An end is in sight for the government crisis following the 17 October decision by President Demirel to approve a revival of the previous coalition. The social democrat Republican Peoples Party (CHP) agreed to revive its partnership with Prime Minister Tansu Ciller’s True Path Party (DYP) after she had failed to win a 15 October confidence motion in parliament for a minority administration.

The signs that the political crisis is nearing a settlement have also pointed to an end to the crippling public sector strike that started on the same day as the previous coalition’s collapse on 20 September. Paralysing much of the public sector, the strike had closed factories, ports and railways, and threatened sugar shortages with the loss of much of the country’s sugar beet crop.

Ciller has suggested that general elections could be held as early as 24 December. However, political analysts say spring would be more feasible as it would allow time for updating voting lists and changes in the election law. Both Demirel and the CHP’s leader, Deniz Baykal, want the coalition’s main objective to be early elections, not constitutionally due until October 1996.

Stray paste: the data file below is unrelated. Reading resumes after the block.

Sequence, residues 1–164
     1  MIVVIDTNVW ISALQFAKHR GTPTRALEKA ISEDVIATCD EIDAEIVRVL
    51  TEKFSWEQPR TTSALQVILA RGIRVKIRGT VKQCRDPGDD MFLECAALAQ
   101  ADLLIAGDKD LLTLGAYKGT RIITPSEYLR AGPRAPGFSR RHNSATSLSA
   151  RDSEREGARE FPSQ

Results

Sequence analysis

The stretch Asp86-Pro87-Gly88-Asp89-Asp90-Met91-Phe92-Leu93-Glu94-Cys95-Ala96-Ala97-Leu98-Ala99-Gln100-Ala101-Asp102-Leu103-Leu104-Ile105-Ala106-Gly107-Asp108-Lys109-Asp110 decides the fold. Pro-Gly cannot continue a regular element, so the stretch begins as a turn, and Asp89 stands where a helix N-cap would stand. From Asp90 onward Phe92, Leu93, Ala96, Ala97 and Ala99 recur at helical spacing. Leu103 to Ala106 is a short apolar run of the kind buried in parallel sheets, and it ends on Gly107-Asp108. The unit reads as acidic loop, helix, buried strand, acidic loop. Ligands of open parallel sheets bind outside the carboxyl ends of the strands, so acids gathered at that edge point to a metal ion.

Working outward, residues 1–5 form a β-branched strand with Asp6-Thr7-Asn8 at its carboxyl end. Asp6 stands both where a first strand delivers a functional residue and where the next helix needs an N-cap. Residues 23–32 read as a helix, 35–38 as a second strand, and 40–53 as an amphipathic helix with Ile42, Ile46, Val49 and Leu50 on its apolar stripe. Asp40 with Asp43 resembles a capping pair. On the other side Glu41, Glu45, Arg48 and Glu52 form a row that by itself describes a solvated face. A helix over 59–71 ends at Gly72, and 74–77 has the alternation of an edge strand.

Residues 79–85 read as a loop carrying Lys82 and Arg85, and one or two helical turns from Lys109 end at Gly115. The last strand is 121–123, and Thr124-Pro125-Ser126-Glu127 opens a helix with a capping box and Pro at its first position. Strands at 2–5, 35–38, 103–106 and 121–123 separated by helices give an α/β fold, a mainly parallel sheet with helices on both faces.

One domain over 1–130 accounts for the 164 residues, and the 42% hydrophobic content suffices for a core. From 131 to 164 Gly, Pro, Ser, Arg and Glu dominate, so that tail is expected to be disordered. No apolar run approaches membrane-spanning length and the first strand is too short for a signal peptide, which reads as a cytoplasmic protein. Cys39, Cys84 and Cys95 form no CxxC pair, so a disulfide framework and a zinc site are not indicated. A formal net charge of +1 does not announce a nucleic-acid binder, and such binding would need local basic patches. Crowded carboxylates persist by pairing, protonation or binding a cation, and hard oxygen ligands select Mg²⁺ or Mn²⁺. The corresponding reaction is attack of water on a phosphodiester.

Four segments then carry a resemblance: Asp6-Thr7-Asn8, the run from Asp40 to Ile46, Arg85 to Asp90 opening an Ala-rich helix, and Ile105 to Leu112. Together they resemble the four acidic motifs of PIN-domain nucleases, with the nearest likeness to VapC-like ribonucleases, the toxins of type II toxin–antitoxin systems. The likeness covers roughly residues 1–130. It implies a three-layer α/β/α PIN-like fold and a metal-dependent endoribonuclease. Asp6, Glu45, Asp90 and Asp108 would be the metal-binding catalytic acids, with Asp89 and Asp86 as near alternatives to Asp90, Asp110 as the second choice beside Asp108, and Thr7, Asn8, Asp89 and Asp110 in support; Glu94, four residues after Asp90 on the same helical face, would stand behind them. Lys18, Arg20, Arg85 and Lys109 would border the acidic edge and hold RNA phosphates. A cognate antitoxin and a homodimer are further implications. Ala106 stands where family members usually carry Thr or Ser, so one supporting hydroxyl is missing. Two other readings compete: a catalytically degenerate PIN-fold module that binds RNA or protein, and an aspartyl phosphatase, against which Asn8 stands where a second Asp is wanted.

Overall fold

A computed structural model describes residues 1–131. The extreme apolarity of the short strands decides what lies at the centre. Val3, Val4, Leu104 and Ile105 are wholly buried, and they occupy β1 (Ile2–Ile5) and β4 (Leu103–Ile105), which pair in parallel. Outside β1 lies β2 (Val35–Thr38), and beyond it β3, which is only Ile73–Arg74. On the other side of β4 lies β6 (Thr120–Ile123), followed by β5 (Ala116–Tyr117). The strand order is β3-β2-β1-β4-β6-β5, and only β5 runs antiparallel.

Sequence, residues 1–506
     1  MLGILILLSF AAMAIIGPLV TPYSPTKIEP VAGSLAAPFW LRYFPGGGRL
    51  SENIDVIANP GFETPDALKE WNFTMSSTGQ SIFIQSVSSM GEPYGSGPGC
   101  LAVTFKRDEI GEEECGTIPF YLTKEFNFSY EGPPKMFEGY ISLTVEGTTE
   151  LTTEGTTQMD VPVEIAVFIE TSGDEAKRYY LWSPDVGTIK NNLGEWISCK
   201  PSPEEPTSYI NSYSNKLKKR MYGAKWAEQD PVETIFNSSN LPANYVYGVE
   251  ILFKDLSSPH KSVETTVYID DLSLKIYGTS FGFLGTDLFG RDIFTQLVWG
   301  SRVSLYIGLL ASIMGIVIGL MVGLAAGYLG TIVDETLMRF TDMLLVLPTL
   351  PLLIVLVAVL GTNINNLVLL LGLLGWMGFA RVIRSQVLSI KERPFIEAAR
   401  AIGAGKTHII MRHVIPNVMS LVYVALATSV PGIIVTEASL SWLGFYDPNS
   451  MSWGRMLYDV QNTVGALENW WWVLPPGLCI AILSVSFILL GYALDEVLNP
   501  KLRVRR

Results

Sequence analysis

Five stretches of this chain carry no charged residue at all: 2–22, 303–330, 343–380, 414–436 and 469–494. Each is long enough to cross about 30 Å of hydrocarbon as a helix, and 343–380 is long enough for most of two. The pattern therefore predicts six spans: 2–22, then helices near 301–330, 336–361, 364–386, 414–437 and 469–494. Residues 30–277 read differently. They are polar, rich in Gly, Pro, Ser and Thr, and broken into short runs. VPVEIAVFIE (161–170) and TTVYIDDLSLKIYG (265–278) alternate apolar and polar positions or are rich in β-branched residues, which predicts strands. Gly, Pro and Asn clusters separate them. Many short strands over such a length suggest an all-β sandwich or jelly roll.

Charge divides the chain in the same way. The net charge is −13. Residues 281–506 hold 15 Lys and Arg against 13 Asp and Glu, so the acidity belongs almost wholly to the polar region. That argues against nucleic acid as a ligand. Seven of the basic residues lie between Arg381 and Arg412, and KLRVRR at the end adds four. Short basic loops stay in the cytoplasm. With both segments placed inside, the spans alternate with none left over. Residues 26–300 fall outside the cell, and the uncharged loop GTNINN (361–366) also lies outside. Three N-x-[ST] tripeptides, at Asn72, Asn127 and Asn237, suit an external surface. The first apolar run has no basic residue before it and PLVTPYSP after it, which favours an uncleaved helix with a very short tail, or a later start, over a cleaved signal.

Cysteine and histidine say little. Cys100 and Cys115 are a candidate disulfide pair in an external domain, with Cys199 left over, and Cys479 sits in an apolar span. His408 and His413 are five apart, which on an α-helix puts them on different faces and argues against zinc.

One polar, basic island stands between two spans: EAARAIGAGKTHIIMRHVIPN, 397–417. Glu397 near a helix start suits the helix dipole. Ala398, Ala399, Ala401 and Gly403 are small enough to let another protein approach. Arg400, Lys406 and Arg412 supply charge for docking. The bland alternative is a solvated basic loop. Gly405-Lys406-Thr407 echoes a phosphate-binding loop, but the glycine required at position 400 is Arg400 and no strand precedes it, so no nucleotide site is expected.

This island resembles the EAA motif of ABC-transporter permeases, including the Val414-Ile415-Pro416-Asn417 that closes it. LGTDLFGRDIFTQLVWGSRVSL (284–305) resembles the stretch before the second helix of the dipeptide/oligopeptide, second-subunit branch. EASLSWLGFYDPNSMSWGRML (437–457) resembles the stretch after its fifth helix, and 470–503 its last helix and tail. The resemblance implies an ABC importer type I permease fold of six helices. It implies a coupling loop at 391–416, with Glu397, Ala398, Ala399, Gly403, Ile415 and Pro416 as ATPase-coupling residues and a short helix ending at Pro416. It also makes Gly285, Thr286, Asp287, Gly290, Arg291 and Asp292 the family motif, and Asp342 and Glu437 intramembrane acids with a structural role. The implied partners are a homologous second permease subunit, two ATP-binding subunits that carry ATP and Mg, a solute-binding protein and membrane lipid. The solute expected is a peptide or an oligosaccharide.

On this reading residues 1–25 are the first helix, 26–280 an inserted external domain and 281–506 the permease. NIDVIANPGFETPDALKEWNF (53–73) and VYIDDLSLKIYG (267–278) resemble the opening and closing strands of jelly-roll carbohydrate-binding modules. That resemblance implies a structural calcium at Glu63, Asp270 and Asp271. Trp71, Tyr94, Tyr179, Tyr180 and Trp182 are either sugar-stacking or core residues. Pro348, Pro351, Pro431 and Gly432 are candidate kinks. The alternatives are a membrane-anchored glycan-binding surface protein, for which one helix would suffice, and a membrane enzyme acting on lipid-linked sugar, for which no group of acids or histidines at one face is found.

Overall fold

The revived coalition will probably secure the mandatory, parliamentary vote of confidence, analysts say. But both Ciller and Baykal, face strong dissent within their parties.

The DYP on 16 October moved to expel 10 of its MPs for either siding with the opposition or staying away during the minority government’s confidence vote.

The CHP’s agreement undermined the public sector strike. Ciller’s caretaker minority administration issued in 60-day suspension orders for key sectors. Up to 100,000 employees resumed operations at sugar, paper and chemical plants, ports and railways, and state farms on 18 October. Workers disobeying the suspension orders, or anyone agitating for the same, faced penalties of up to six months in prison.

The coalition could also face action by discontented civil servants, who staged countrywide protests on 17 October over their working conditions. Threatening a general strike by December, the civil servants demand pay increases and the removal of legal obstacles to their participation in trades unions and rights of collective bargaining.